But the intention of the disciplinarian cannot be anger or control or condemnation, but rather restoration, and salvation (See James 1:20 cf. 1 Corinthians 5:5b). That is, Christ is not interested in the kind of discipline exercised by the world to bring about behavioral change, where physical force is used and abused along with various other methods of violent mental technique. And Christ is no more interested in the church’s adaptation to the culture and its reflecting the values of the culture with respect to the tolerance of sin than what was previously mentioned. Christ is interested in the kind of discipline that confronts the sin of a person with an attitude of humility, gentleness, compassion, and love, but intolerance, with the intention of seeing that person restored to Christ through repentance or saved through Christ by grace through faith in Him. Severity to the body and self-made religion are of no value in stopping the indulgence of the flesh though they may have the appearance of wisdom; rather, being made alive in Christ whereby one is clothed with His righteousness and equipped with His Holy Spirit is one empowered to overcome the indulgence of that mighty evil within us called “the flesh” (See Colossians 2:20-23).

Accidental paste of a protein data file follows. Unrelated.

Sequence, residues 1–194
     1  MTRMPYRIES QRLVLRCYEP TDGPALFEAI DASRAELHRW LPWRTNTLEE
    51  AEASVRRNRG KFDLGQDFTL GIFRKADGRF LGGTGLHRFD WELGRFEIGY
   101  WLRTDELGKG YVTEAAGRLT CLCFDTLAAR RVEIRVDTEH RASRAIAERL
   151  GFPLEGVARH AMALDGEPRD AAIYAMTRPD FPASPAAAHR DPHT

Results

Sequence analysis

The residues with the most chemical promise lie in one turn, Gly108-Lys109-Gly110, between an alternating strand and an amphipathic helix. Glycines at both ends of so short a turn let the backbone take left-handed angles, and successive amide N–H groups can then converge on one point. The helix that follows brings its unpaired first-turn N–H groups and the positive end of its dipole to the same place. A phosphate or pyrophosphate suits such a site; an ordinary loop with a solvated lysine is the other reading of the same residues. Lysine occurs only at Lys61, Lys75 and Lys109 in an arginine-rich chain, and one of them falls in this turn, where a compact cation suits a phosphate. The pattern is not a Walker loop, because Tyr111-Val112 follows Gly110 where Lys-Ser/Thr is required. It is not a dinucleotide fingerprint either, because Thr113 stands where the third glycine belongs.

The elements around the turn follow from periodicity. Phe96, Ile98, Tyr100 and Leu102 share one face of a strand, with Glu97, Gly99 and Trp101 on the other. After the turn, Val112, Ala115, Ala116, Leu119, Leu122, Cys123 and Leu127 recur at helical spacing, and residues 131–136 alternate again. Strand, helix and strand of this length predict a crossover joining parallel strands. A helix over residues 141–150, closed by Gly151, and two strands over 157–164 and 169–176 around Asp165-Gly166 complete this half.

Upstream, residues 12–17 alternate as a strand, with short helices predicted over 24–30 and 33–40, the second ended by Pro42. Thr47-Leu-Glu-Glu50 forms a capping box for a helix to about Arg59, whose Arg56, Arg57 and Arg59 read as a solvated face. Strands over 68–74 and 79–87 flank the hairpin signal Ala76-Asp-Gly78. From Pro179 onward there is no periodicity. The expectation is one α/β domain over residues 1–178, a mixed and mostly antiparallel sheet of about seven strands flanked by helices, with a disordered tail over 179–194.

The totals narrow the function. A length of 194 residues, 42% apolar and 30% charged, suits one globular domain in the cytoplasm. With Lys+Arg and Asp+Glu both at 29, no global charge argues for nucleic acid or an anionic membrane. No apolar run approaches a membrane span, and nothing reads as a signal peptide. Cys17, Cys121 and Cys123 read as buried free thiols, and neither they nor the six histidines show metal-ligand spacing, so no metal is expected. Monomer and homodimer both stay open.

In all church discipline, truly, in everything we undertake, this is to be the aim – that sinners put on Jesus Christ; if he be a Christian, then let him repent of his sin and be restored to Christ; if he be a sinner, then let him repent as well of his personal sin and believe in Christ for righteousness that he may be saved in the last day. Therefore, let us love one another rightly – with encouragement and rebuke – knowing that loving is not always synonymous with letting, with the earnest intention of bringing each other to our Lord Jesus Christ, for He alone is able to keep us from stumbling and to present us before the presence of His glory blamelessly and with great joy (Jude 24). God be glorified in Jesus’ name. Amen.

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One Response

  1. Well done on stressing the LOVE part of church discipline. Too often members of the body(myself included) are quick to jump on the rebuke side of church discipline, with a “get ’em God!” mentality. Your word on discipline in, and only in, love is a good one. I wish that this would be taught from the pulpit more often these days. I guess that phased out of our teaching in the early 1900’s along with many other biblical doctrines…